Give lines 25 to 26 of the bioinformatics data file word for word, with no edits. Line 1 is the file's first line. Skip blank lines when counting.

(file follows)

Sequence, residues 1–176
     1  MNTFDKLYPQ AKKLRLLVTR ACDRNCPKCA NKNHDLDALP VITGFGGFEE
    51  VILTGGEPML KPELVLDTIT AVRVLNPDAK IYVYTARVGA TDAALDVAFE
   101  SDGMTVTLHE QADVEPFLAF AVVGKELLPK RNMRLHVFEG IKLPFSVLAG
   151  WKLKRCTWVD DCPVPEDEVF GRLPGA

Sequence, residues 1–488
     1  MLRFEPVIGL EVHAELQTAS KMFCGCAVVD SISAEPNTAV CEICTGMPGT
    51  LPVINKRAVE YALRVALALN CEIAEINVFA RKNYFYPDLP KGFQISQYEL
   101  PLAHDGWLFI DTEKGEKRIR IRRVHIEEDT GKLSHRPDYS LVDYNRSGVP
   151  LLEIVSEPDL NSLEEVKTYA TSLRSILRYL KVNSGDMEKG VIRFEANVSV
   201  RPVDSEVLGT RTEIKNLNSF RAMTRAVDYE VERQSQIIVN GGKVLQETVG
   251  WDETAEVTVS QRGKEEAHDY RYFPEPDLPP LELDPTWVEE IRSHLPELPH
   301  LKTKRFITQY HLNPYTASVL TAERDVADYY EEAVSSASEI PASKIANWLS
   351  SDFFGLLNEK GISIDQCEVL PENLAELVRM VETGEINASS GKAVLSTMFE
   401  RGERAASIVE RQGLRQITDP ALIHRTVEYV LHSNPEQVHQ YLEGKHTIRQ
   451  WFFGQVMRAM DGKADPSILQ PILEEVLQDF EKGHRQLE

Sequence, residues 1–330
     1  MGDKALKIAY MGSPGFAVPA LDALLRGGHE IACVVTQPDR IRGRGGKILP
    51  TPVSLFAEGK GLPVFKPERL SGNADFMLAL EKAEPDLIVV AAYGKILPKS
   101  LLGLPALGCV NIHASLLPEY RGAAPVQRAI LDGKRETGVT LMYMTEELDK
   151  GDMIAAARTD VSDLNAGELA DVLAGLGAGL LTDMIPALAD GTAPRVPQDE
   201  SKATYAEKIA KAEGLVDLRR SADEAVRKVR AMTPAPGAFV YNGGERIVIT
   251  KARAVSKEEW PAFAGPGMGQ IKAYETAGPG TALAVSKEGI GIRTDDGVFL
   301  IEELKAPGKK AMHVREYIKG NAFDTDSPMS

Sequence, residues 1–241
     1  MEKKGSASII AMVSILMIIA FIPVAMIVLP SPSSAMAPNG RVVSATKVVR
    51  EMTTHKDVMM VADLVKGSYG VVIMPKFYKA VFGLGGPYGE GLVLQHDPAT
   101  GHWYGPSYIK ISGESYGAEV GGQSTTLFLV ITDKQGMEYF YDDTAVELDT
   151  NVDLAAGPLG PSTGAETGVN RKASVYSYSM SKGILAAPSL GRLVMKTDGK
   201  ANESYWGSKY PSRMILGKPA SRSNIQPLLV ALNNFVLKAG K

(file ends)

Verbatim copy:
Sequence, residues 1–241
     1  MEKKGSASII AMVSILMIIA FIPVAMIVLP SPSSAMAPNG RVVSATKVVR